According to the report, 19.2 million new displacements in 2015 can be associated with disasters in 113 countries across all regions of the world. Of course, only part of these events, such as floods, storms, wildfires, landslides or extreme temperatures may be influenced by a changing climate. Others, like earthquakes and volcanic eruptions, are not. However, looking at concrete events that are relevant in the context of climate change, the impacts reveal the dangerous potential of a rise in the greenhouse gas concentration in the atmosphere:
- Two major flood and storm events in India were responsible for 81 per cent of the displacement, forcing three million people to flee their homes
- Three large scale typhoons and a flood disaster triggered a combined 2.2 million displaced people or 75 percent of the total displacement in China in 2015
- Seasonal floods in Malawi displaced the majority of the 343,000 people who fled their homes in 2015, and caused widespread damage to agriculture.
Policymakers, civil society representatives and experts have been discussing for quite some time how to address the challenges of climate induced displacement, not least as part of the climate change architecture. From a legal, political and scientific perspective this is a challenging task due to the complex cause-and-effect relationship.
Against this backdrop, the decision text to the Paris Agreement may have opened the door for an institutional framework pertaining to this challenge: The Paris Conference of the Parties (COP) asked for the establishment of a task force to develop recommendations for further action. More concretely, the aim is to ensure integrated approaches that help “to avert, minimize and address displacement related to the adverse impacts of climate change.” The main body to guide this process is the Executive Committee of the Warsaw International Mechanism, which plays the ball into the field of the loss and damage debate within the climate negotiations. However, there is some reason to align it with the processes of adaptation planning in order to really move the discussion to the field of implementation.
This brings us to core questions on how to design an institutional framework and what partners to involve? The current discussions of and with the Executive Committee are devoted to the mandate, scope of activity and the development of a work plan, among others. The history of climate negotiations is not poor in examples when it comes to institutional innovations, including task forces, which can guide the more formal administrative questions. Moreover, it will be important to involve the right partners within and beyond the UNFCCC family. If the climate regime wants to offer meaningful and sustainable responses to the climate-displacement nexus, close collaboration with those institutions reaching out to the implementation level by offering guidance and financial support is imperative. In this regard, the Adaptation Committee and the Least Developed Countries Expert Group have been important players in the past. The activities of the Green Climate Fund, also directed towards resilience building and transformative change, can be a game changer as well. One of the key questions in this context will be how the design of a climate change related programme or project needs to be adjusted to appropriately address the displacement challenge(s). Most likely, specific guidance needs to be developed to inform programming and planning processes such as the National Adaptation Plan process (NAPs).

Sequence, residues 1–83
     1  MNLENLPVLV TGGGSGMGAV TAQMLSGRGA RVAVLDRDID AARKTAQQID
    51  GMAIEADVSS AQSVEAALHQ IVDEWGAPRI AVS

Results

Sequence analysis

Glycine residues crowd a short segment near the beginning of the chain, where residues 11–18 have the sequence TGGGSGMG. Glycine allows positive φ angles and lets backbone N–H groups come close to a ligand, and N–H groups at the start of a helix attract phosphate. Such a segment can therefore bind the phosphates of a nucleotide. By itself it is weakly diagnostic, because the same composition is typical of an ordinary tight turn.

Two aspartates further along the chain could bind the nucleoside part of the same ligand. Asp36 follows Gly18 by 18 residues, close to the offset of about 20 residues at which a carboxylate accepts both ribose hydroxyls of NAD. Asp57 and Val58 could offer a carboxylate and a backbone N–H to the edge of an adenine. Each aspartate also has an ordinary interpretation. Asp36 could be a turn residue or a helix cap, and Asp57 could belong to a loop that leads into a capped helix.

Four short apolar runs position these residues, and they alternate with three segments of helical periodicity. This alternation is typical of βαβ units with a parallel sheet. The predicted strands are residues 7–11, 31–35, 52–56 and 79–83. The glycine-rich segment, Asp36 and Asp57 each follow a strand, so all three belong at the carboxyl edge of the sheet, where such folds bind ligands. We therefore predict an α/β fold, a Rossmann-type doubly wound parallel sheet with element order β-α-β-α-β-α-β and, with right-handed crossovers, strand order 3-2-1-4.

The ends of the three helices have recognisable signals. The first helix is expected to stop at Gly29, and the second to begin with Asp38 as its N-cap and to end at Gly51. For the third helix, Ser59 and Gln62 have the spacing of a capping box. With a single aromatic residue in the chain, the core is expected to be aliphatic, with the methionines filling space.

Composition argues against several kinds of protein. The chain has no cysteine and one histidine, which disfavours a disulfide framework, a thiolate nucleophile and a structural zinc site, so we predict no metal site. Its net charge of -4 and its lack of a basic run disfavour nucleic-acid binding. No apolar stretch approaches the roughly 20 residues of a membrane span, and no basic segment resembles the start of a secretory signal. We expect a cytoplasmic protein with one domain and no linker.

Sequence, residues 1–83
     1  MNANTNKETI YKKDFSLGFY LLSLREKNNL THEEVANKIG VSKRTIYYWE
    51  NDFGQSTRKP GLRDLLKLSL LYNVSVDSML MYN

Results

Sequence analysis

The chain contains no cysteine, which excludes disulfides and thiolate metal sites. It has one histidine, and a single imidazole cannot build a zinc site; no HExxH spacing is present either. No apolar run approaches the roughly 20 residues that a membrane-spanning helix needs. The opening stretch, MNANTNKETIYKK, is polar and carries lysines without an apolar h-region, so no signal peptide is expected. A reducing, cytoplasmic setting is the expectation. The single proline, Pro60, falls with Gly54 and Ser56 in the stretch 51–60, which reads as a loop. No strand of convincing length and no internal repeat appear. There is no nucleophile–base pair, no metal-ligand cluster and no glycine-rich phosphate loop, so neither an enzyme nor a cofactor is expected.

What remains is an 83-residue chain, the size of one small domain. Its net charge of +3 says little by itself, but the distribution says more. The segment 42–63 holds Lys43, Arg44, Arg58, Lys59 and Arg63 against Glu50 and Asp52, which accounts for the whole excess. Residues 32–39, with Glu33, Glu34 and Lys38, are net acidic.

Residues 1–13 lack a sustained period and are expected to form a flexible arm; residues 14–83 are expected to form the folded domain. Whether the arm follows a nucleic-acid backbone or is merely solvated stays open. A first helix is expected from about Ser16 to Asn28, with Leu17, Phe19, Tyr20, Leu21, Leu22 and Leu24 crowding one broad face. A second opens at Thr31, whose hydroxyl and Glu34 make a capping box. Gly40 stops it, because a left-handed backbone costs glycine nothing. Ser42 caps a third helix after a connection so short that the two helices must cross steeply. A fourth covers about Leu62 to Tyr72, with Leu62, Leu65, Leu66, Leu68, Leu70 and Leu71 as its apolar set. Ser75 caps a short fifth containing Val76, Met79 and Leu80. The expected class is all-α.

In addition, there are quite a number of institutions and initiatives that can offer meaningful advice to ensure an integrated approach. Apart from the more obvious UN and inter-governmental organizations such as the UNHCR and the International Organisation for Migration, knowledge hubs have already been established, such as the Global Knowledge Partnership on Migration and Development (KNOMAD) or the Environmental Migration Portal. An important bridge to regional experience can also be offered by the follow up process of the Nansen Initiative. Though the initiative put a stronger focus on displacement caused by disasters than by climate change in 2014 and 2015, the idea to develop a “protection agenda” based on numerous consultation rounds at a regional and global level created an inclusive process that is awaiting the next steps. The Task Force likely to be established in the second half of 2016 can benefit from these already existing approaches but also needs to prove how activities at the programme or project level can help avoiding or managing displacement trends.
Dennis Tänzler is Director of International Climate Policy at adelphi and one of the lead authors of A New Climate for Peace. His research focuses on climate and energy policies as well as on peace and conflict studies.
Photo: Somali refugee fleeing drought and famine in a UNHCR camp | Photo credits: United Nations Photo/flickr.com [CC BY-NC-ND 2.0]